Want to read Slashdot from your mobile device? Point it at m.slashdot.org and keep reading!


Forgot your password?
Cellphones Government Privacy United States

DOJ: We Don't Need a Warrant To Track You 259

GovTechGuy writes "The Department of Justice maintains it does not need a warrant to track an individual using location data captured from their cellphone. 'Cellphone location records are currently lumped under Title 1 and Title 2 of the 1986 Electronic Communications Privacy Act (PL 99-508), which cover stored communications and call details. Accessing those types of information typically requires only a court order, rather than a warrant, as is required for the contents of a phone call or digital message under Title 3.' That has prompted Maine and Montana to pass laws banning warrantless cellphone tracking; unfortunately, Congress doesn't appear close to doing the same."
This discussion has been archived. No new comments can be posted.

DOJ: We Don't Need a Warrant To Track You

Comments Filter:
  • by Baloroth ( 2370816 ) on Wednesday July 17, 2013 @05:53PM (#44312375)

    A warrant is a court order, yes, but a court order is not necessarily a warrant. Warrants generally have a lot stricter rules on when and how they are issued. Specifically, a search warrant requires probable cause. A court order does not.

  • by Proteus ( 1926 ) on Wednesday July 17, 2013 @06:01PM (#44312459) Homepage Journal

    No, according to them, that information isn't private enough to require a warrant. It still requires a court order to obtain, and it's not considered public information.

    If you're going to respond to a bad situation, you have to actually understand the real situation, or you're just going to get dismissed as ignorant.

  • by Intropy ( 2009018 ) on Wednesday July 17, 2013 @06:06PM (#44312511)
    Due process is the 5th. The 4th is "secure... against unreasonable searches and seizures... and no Warrants shall issue, but upon probable cause...". In short, to search you need a warrant, and for a warrant you need probable cause. Now I suppose in order to obtain a warrant once you have probable cause that could be said to require due process of law.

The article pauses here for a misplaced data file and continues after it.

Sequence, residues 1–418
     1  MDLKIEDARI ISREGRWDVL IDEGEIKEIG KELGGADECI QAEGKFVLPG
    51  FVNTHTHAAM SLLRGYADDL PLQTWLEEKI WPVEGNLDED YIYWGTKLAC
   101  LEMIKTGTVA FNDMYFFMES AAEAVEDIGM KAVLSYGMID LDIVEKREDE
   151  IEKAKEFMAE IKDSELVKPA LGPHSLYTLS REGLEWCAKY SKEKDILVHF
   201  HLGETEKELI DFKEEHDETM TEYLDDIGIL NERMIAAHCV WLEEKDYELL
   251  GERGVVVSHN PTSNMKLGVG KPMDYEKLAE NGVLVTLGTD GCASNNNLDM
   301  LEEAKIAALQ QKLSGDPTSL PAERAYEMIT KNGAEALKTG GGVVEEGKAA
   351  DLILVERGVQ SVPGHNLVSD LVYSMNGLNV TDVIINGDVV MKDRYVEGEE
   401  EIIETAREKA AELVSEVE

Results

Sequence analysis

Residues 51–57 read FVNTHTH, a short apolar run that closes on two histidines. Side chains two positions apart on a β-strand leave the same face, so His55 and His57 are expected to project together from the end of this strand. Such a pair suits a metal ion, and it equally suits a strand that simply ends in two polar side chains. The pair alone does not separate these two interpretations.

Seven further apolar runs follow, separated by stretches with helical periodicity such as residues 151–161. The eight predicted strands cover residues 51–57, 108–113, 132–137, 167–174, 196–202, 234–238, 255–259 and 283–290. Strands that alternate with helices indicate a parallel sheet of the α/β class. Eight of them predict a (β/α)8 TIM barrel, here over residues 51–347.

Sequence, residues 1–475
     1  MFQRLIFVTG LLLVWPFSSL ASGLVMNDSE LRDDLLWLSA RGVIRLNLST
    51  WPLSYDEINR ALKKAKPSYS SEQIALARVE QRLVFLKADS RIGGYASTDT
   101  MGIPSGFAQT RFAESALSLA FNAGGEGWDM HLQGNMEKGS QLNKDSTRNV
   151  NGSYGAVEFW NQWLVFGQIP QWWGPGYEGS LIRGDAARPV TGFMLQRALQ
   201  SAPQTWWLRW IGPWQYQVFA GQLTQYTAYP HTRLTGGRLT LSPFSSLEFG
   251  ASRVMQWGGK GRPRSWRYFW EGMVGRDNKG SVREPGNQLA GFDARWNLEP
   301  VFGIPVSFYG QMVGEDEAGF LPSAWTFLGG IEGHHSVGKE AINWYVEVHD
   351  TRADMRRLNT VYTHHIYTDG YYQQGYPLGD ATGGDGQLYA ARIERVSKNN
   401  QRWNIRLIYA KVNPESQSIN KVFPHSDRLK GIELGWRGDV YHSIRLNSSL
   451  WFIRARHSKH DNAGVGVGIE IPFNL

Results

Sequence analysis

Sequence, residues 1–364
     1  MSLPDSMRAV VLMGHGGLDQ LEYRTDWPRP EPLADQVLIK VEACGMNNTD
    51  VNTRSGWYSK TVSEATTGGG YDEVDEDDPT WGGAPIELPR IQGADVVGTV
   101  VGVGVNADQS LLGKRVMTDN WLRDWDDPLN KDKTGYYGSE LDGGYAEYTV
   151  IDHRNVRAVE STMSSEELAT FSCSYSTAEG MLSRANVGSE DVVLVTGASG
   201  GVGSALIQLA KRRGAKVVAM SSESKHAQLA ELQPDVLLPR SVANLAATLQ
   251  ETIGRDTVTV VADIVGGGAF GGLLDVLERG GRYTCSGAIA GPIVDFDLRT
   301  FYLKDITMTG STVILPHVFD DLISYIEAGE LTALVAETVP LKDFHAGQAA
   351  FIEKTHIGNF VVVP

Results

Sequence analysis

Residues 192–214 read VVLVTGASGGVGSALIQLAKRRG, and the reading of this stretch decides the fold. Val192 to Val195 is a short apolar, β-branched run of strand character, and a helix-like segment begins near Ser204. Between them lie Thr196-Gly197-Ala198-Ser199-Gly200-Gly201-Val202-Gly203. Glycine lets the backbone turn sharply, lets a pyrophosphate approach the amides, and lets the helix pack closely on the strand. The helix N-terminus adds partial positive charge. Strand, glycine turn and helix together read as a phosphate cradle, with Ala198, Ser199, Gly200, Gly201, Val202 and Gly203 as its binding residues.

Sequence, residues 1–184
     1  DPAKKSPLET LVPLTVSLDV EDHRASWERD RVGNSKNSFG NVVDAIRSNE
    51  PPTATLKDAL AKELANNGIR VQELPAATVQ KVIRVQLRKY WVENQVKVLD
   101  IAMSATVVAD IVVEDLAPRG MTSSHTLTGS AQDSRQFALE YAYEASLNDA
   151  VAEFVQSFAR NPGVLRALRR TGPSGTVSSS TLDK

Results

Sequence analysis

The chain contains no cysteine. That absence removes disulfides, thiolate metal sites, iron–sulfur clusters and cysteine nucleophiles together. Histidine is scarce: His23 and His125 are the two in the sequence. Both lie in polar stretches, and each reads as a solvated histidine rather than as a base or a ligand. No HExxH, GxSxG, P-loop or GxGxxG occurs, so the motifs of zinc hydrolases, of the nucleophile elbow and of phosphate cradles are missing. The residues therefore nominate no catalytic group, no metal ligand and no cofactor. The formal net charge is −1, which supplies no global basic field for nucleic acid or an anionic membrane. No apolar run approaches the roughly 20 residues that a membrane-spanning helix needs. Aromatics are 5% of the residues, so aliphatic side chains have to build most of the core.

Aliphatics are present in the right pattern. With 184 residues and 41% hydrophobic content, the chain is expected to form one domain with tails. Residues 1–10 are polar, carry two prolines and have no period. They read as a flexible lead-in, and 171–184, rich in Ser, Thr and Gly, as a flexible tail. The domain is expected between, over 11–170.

• Don't be Stupid (Score:4, Informative)

    by Rob Riggs ( 6418 ) on Wednesday July 17, 2013 @06:11PM (#44312569) Homepage Journal
    Thanks for trolling. They can (and do) track you based on triangulation to cell towers. GPS is not needed.
  • by BlueStrat ( 756137 ) on Wednesday July 17, 2013 @08:37PM (#44313635)

    >a foundational document which is immutable.

    According to Jefferson, it never was immutable.

    The constitution is amendable by it's own design.

    That's entirely different from what the OP was discussing in the way of tortured & twisted interpretations of the existing plain language to fit an ideological/political agenda and avoid having all those pesky serfs^W^W^W^W^Wcitizens involved in the process, acting as if their will matters.

    If the US Constitution is a "living and breathing document", then "rights" of any kind have no meaning and the government's power over the citizens is effectively unrestrained.


  • by Seumas ( 6865 ) on Wednesday July 17, 2013 @09:53PM (#44314085)

    It doesn't matter. They are right. They do not need a warrant to track you. You know how we can confirm this? They have been tracking everyone. Gathering data on everyone. Violating the privacy and rights of everyone. Constitution and laws and ethics be damned. It doesn't matter. If our existing laws don't apply to them, then new laws won't, either. Make every law you want and their statement will still be correct... they will still not need a warrant to track you.

    Sort of the same way fenced-in "free speech zones" are fucking abhorrent and against the law . . . and yet deployed and enforced, anyway.

    I think any rational person sees how wrong all of this . . . but also how hopeless it is. The only option is to give up and accept it. That is exactly what they want, what they are counting on, and what will ultimately happen.

Any sufficiently advanced technology is indistinguishable from a rigged demo.